Comparison Test: Cooler And Fan
While the changes made to the latest Macho cooler aren't earth-shattering, revision B of the HR-02 Macho does sport a few modifications.
The overall construction of the HR-02 Macho Rev. A (BW) and Rev. B is identical. A huge cooling block and a relatively large fin-to-fin distance of 3mm (0.012“) help these coolers perform well in a semi-passive application or at drastically reduced fan speeds.
Thermaltake punches U-shaped holes into the cooling fins and bends up the tiny tabs, which is supposed to break up the laminar air flow and thus enhance performance.
The most recent version of the HR-02 Macho comes with an updated design; its black top and nickel-plated heat pipes reflect the most recent design trends.
All told, Thermalright offers three different cooler sizes based on the same basic design. These range from the 6"-high Macho 120 with five 6mm heat pipes to the 6½"-high Macho HR-02 to the wider, deeper, but at 6.6"-high, only slightly taller HR-22, which sports a whopping eight 6mm heat pipes.
In spite of their large dimensions, the models are all compatible with front DIMM slots; the Macho family members stay clear of your system memory. This is achieved through the coolers' asymmetrical design. Half of the heat pipes (three on the two smaller models and four on the HR-22) are bent backwards, allowing the cooling tower to be moved back. This configuration is mostly geared towards the mainstream interfaces from Intel and AMD, where the only DIMM slots are in front.
While the coolers overlap some of the DIMM slots at the rear, they're also high enough to accommodate the installation of RAM with heat spreaders. For the Macho HR-02, DIMMs can be up to 2" tall. Incompatibilities should arise rarely, if ever.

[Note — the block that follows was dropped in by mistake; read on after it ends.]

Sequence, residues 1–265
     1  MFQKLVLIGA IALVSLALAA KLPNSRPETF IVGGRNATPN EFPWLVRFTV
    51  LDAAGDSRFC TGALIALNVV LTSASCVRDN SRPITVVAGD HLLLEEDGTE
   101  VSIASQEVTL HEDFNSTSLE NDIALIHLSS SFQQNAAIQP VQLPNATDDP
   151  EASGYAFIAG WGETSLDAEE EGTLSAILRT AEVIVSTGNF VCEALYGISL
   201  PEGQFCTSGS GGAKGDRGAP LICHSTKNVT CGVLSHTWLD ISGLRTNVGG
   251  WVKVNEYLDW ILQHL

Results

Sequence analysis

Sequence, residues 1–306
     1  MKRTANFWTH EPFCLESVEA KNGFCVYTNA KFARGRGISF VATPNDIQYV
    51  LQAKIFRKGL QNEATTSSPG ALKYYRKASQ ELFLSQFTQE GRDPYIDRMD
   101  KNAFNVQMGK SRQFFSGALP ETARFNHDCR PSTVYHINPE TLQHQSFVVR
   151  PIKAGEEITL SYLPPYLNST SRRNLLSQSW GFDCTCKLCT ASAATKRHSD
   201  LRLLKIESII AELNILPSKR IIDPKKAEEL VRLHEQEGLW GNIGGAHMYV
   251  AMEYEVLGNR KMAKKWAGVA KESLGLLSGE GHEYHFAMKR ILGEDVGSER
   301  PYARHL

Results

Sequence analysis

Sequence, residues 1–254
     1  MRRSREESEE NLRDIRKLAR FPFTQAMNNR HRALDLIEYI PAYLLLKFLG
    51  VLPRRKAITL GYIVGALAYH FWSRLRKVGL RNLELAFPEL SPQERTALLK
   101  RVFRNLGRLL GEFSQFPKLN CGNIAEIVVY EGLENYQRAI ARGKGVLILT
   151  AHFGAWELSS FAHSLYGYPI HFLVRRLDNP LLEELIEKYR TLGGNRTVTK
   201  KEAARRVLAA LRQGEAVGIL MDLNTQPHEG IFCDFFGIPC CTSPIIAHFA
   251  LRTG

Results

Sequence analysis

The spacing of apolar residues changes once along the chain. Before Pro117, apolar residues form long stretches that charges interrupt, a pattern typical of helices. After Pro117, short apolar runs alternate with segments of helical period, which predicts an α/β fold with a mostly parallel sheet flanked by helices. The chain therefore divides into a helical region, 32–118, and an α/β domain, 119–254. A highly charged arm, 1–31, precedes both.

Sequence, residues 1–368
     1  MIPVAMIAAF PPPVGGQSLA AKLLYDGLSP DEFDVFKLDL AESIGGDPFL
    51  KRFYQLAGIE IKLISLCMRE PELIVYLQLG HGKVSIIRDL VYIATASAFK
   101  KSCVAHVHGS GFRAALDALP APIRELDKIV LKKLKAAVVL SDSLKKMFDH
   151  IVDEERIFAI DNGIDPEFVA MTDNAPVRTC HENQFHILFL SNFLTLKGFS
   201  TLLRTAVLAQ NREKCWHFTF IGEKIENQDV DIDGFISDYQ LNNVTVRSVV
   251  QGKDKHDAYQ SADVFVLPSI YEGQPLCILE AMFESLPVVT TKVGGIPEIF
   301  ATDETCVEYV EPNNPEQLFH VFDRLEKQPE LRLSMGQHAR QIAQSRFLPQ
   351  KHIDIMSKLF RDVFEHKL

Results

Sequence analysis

However, the huge HR-22 overlaps all rear DIMM slots. And the first slot is right underneath the heat pipes, which doesn’t give you room for tall heat spreaders. If you own modules with big spreaders, make sure they don't touch the heat pipes. Otherwise, the RAM will be heated up beyond its spec.
The smaller Macho 120 Rev. A offers less cooling fin real estate, mostly due to the fact that it is lower, and sports only five heat pipes. This makes it an ideal choice for cases that are too slim for the regular-size HR-02. We used the first-generation Macho 120 in this test, the one without the Rev. A suffix. The only difference between them are the nickel-plated heat pipes and the black paint job on top. For a fair comparison, we mounted the Rev. A’s fan on the old Macho 120 cooler.
The real innovation of the HR-02 Macho Rev. B compared to its predecessor is the larger base plate. Since LGA 2011 processors have a large heat spreader, you want the base plate to approach or even match the heat spreader’s size. The new base was taken from the Macho Zero. In fact, the Macho HR-02 and the Macho Zero are all but identical if you disregard the black nickel plating of the former and the enclosed white gloves.
While the Thermalright HR-02 Macho Rev. A is available for $53, expect the Rev. B to cost a few dollars more. But the optimized fan, better looks and larger base plate are certainly worth a small premium.
Because the HR-22 is shipped without a fan, we also equipped it with the new TY-147A, the TY-147’s successor. Armed with identical fans, comparing the HR-22 and the HR-02 should be fair and accurate.
The new fan and its predecessor look the same, and even the TY-147 was famed for its quiet operation. While the TY-147A has the same frame, the same rotor blades and even sports the same maximum fan speed (1300 RPM), its minimum is now a mere 300 RPM, down from 900. If you want to do some testing of your own, keep in mind that these numbers vary in real life. Plus/minus 10% is not uncommon.
Our TY-147 sample operated down to a tad above 500 RPM, which is well below the minimum speed in its spec sheet. We expected the TY-147A to dip down to 330 RPM, allowing for 10% variation. We'll cover its actual floor in more detail shortly.
We also looked at the Macho 120 Rev A’s fan, the TY-121. This 12cm fan sports the same design of its brethren, but it is smaller and employs seven rotor blades. Its speed range is quoted as 600 to 1300 RPM.